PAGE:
I confess: I am a cyclist. A
steadfast bipedal animal
who believes that the best
way to get from point A to
point B in our cities — the
best for satisfaction, health
benefits, for the planet —
is to use one’s own muscular
A Dedicated Cyclist
Thus, rain or shine, heat or cold, I
commute to my office, to the market,
to visit friends. Though as my friends
observe, I am somewhat more fanatical
than most cyclists. In the past, I
have bicycled from Cairo to Cape
Town, a journey of 12,000 kilometers,
and from Paris to Istanbul, a trip
of 4,000 kilometers. Last summer,
along with a group of about 45, I
biked from Istanbul to Beijing on the
inaugural Silk Route Bicycle Tour – another
more than 10,000 kilometer trip.
I do this mainly for adventure, but also
to demonstrate that yes, if you will it,
you can cross an entire continent on a
bicycle in 100 days or less.
For this thankless endeavor, to
quote the comedian Rodney Dangerfield,
“I don’t get no respect.” Of
course, I am not alone; all cyclists
belong to the same much-abused club.
Although we pollute less, and spew
fewer climate-warming gasses into the
atmosphere, we are often treated with
contempt and ridicule.
Just Asking for Respect
I understand this. After all, what
normal person prefers to cycle to work
when the temperature is minus ten?
What normal person wants to deal
with drivers that insist on proving they
can get to the next corner faster than
you and, in the process, force you to
slam on your brakes just to stay alive?
What sane person would ride in a city
that says it wants to reduce smog and
congestion, but never bothers to clean
the miserably few bike lanes set up for
us, the third-class citizens?
On occasion, while thanking the
Almighty for helping me avoid being
hit by another oblivious driver talking
on a cell phone, I muse: What would it
take for the non-cycling world to grant
us a modicum of respect?
Perhaps if cycling accidents killed
a few pedestrians every year, as thousands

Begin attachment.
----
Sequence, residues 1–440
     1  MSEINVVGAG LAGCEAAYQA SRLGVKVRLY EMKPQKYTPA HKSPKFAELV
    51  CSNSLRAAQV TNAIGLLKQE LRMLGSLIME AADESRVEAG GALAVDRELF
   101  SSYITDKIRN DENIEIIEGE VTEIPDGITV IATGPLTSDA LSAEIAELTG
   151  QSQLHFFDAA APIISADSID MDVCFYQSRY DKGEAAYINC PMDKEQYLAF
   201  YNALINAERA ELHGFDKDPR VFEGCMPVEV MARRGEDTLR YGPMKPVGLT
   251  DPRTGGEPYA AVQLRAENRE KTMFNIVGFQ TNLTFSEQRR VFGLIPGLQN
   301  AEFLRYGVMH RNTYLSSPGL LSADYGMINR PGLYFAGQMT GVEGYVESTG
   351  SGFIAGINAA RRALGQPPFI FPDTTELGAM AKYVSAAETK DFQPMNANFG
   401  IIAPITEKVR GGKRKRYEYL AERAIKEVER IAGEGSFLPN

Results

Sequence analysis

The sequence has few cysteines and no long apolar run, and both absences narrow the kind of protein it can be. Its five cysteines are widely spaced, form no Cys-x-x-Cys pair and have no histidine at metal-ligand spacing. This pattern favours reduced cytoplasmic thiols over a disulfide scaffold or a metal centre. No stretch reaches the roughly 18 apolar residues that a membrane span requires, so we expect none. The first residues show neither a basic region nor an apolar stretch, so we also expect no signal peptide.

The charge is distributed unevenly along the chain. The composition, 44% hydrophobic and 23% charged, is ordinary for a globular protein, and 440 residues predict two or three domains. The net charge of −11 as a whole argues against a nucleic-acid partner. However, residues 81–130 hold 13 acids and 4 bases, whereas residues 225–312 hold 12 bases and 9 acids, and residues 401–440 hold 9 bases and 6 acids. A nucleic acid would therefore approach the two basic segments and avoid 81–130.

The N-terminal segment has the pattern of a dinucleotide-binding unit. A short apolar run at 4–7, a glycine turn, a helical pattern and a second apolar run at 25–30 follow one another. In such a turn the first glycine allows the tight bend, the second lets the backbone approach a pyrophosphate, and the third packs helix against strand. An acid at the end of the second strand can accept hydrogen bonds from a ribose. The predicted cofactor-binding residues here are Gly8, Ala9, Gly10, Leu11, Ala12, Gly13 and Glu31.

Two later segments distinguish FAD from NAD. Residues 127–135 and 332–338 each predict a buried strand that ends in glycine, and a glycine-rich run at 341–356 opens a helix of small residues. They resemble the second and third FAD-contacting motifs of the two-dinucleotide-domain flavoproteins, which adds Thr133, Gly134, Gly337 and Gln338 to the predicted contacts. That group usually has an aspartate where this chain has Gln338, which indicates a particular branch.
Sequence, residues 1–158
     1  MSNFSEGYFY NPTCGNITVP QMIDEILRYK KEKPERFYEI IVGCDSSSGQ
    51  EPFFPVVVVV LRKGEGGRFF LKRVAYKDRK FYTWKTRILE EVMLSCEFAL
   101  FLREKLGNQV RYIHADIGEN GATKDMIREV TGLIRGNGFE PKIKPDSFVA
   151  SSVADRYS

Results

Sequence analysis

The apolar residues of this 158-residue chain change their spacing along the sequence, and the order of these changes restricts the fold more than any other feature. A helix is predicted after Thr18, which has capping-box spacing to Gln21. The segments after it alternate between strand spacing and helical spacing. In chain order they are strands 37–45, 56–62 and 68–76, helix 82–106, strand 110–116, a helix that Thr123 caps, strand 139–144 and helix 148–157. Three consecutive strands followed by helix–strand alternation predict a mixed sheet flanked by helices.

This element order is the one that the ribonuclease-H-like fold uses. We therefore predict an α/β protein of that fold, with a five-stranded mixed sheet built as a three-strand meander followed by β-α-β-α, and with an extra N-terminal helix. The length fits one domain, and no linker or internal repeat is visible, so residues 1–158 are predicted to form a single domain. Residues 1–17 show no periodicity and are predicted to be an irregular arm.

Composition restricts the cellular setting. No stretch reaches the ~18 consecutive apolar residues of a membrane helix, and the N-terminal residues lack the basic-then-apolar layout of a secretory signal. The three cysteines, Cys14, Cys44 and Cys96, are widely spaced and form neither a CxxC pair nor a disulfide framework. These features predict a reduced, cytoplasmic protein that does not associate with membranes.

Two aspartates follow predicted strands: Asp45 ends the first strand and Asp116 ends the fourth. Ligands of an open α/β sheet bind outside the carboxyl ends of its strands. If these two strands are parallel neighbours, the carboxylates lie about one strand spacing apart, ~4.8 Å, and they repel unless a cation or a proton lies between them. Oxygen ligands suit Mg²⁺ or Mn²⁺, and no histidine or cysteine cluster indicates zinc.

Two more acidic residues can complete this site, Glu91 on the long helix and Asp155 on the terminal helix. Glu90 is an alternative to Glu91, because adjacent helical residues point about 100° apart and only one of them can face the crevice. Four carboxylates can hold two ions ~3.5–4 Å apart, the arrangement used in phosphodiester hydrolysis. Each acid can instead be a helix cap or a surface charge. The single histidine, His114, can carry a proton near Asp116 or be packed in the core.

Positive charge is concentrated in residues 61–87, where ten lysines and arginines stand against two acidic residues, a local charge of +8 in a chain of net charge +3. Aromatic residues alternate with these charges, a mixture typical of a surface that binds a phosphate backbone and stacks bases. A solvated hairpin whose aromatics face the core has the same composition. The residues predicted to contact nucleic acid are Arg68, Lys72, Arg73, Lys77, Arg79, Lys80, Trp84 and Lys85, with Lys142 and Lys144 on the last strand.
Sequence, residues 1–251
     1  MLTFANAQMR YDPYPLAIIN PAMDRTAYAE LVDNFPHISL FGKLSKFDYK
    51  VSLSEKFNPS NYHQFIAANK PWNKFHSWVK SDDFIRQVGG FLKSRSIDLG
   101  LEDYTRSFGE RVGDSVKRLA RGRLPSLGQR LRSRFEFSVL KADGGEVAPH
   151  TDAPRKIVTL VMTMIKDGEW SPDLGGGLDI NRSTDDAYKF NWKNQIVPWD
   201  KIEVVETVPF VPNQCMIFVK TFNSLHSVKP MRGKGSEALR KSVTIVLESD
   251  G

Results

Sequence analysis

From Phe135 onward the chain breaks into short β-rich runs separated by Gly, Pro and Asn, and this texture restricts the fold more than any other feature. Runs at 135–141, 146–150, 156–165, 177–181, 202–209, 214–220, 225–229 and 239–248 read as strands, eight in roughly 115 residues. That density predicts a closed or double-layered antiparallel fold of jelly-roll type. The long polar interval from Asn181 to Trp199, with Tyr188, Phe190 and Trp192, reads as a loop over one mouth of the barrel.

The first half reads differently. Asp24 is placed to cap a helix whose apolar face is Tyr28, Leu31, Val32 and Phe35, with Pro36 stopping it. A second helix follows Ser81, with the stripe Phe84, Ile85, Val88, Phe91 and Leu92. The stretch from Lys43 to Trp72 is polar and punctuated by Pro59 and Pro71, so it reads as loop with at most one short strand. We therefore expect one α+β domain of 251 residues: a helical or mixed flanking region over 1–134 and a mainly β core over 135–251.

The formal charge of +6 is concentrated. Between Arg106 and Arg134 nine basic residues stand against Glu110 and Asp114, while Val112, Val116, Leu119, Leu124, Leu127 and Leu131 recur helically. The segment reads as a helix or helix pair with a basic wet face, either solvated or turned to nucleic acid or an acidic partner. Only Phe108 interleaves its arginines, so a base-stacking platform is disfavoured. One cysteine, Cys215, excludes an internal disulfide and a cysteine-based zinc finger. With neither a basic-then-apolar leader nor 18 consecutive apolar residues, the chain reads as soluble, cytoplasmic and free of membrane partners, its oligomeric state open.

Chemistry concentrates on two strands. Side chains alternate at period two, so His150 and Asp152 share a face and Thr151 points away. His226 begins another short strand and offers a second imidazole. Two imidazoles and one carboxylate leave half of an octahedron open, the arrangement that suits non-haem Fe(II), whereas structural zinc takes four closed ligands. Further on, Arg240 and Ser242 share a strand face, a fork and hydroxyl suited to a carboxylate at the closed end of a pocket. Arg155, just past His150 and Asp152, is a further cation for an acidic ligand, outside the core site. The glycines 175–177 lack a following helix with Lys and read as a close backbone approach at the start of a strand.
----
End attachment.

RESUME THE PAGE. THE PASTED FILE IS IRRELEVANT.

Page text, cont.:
of cars do … or if we created a
major threat to the planet, like climate
warming … or if we organized annual
trade shows with sinewy, semi-naked
models posing on the handle bars, and
major media outlets sent journalists
to review the latest human-powered
vehicles … perhaps then we’d get some
As it is, we exist at the margins.
Several years ago, the international
community of cyclists met in Cape
Town and drafted a document calling
safe cycling a basic human right, equal
in importance to freedom of expression
and the right to clean water. Of course,
not one major media outlet
bothered to mention the event.
After Transforming My Life
Truth to be told, I was not always
thus committed to being abused. Two
decades ago, as a young engineer, I
owned a small sporty automobile and
was known to zoom from my apartment
to my workplace in 90 seconds
flat, traffic permitting. I had to deal
with the odd irate policeman and visited
the traffic court once or twice, but
the sheer exhilaration of burning tire
was worth it.
What changed me? The CBC — a
local radio station. There was nothing
unusual about the day: It was a day like
any other. After work, I went to the
gym to work out my frustrations, came
home and ran a warm bath to relax
my aching muscles. I set the radio to
CBC’s Ideas program and sank into
the steaming water.
A man I had never heard of, Ivan
Illich, was being interviewed. He explained
that the automobile, far from
being a vehicle that frees an individual,
in fact is a machine that enslaves him
and controls his life.
And there in the bathtub, with my
skin shriveling, with my ancestors who
fled slavery thousands of years ago
whispering in my ear, “go, break the
shackles,” I resolved to become a free
Not long after, I submitted my letter
of resignation, moved downtown,
and started working for a not-for profit
organization, earning a third
of the money I had made before and
enjoying my new-found freedoms. It
was the same time when I began to
appreciate cycling for everything that it
has to offer.
Lately, with all the hoopla about
the polar icecap melting, and the
corner ice pond refusing to freeze,
even my once skeptical friends are
beginning to listen to me. Indeed, I am
beginning to think that we cyclists may
be on the brink of a new era.
Dreaming of a Transformed
Last night, I awoke, sweating,
from a dream in which I was cycling
through my hometown of Toronto.
There were no cars or trucks around,
only pedestrians, cyclists and streetcars
in their dedicated lanes. I saw many elderly
people and children on bicycles,
streets vendors of every size and color
with items for sale from all around the
world. There were crowds sitting outdoors,
drinking lattes and watching the
passing scene. The most amazing thing
was that even though it was blistering
hot, the air was crystal clear — no
smog to be smelled or seen.
I got up and took a cold shower.
After all, I know what reality is. Bicycling
to work this morning, like every
morning, was likely to be a life-threatening
– an article in American Bicyclist Magazine November/December 2008